22 May 2010

Heather Clark: The Grief of Influence: Sylvia Plath and Ted Hughes

Look for Heather Clark's The Grief of Influence: Sylvia Plath and Ted Hughes expected to be published this fall by Oxford University Press.

From OUP's website:

  • The first intertextual analysis of Plath's and Hughes's poetry since the opening of Ted Hughes's archive at Emory University
  • Contains analysis of unpublished manuscripts, including Hughes's Birthday Letters poems and a selection of Plath's lost novel, Falcon Yard
  • Offers a cultural history of the 1950s Anglo-American poetry scene in addition to close readings of Plath's and Hughes's work

Throughout their marriage, Sylvia Plath and Ted Hughes engaged in a complex and continually evolving poetic dialogue about writing, love, and grief. Although scholars have commented extensively on the biographical details of Plath's and Hughes's marriage, few have undertaken a systematic intertextual analysis of the poets' work. The Grief of Influence reappraises this extraordinary literary partnership, and shows that the aesthetic and ideological similarities that provided a foundation for Plath's and Hughes's creative marriage - such as their mutual fascination with D. H. Lawrence and motifs of violence and war - intensified their artistic rivalry. Through close readings of both poets' work and analysis of new archival sources, Clark reveals for the first time how extensively Plath borrowed from Hughes and Hughes borrowed from Plath. She also explores the transatlantic dynamics of Plath's and Hughes's 'colonial' marriage within the context of the 1950s Anglo-American poetry scene and demonstrates how each poet's misreadings of the other contributed to the damaging stereotypes that now dominate the Plath-Hughes mythology. Following Plath and Hughes through alternating periods of collaboration and competition, The Grief of Influence shows how each poet forged a voice both through and against the other's, and offers a new assessment of the twentieth century's most important poetic partnership.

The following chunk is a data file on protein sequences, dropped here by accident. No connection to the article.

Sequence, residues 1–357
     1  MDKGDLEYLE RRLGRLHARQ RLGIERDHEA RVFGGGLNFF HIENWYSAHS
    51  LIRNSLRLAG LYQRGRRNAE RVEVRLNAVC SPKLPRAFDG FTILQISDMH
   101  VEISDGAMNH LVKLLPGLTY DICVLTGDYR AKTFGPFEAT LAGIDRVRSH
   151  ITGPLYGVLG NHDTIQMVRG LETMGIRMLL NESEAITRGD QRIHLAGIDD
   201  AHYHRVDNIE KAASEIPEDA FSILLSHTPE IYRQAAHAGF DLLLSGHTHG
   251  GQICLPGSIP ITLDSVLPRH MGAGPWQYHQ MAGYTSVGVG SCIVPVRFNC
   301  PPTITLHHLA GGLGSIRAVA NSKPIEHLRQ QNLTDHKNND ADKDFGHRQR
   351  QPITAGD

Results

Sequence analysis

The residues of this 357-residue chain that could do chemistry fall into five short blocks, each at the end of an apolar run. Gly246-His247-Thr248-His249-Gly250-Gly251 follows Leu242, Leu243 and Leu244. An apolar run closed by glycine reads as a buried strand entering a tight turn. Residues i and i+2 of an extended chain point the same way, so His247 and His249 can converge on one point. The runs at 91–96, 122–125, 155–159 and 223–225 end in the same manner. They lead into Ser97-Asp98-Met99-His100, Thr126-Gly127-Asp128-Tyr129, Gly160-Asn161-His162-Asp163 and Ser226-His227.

The details: 328 pages | 234x156mm| 978-0-19-955819-3 | Hardback | November 2010 (estimated)

Also by Heather:
"Tracking the Thought-Fox: Sylvia Plath's Revision of Ted Hughes." Journal of Modern Literature 28:2. Winter 2005: 100-112.

"'Wilful Revisionism': Rivalry and Remaking in the Early Work of Sylvia Plath and Ted Hughes." Symbiosis: A Journal of Anglo-American Literary Relations 9:2. October 2005: 174-191.


Anonymous said...

Sounds interesting - thanks for letting us know! ~VC

George Fitzgerald said...

Peter, your "liner notes" on Plath's "The Spoken Word" are precisely and richly informative and interesting. The CD is a treasure; I don't think I'd previously heard Hughes's voice, and I love the two of them together, in love, chatting ... it calls up a nice picture in my mind of the happier times they shared. Thanks again for keeping all we Plathians informed of what is out there!


P.Viktor said...

This book sounds genuinely interesting (even though I think it is thematically similar to Diane Middlebrook's excellent Her Husband). What I don't like is the £50 price tag. Is it bound in gold?

Peter K Steinberg said...

The price does indeed seem a bit steep, yet I do think it will be a very important addition to Plath scholarship in a very different way to Middlebrook's biography. For most, though I suspect it'll be a library book.

George- so, so glad you liked the British Library CD. And that you made it through the liner notes qualifies you for a medal or something!!


Jamie H. said...

I was particularly interested to hear that part of "Falcon Yard" will be included--I wasn't even aware that the novel fragments had been verified (from my understanding, most of the info we had about her other 2 (?) novels was based on rumors by Aurelia Plath or other people close to SP & TH). Was "Falcon Yard" discovered in Hughes' vault? And is there any way to access it otherwise? Color me thrilled.

Peter K Steinberg said...


Thanks for your comment. Parts of the novel Falcon Yard exist in draft and are held with with the Hughes papers (Plath subseries) at Emory University. This very topic was recently discussed on this very blog. See, particularly, the comments. The Hughes "vault" (trunk) at Emory is still sealed, so far as I know so while they could be considered as discovered, the archivists at Emory knew about them before we did.

Please note Clark's book includes an analysis of Falcon Yard, not the novel itself.


Rehan Qayoom said...

A much needed and very expensive book!

Julia said...

Sounds like this author/book will well-support my own scholarly findings. I'm excited to read it!

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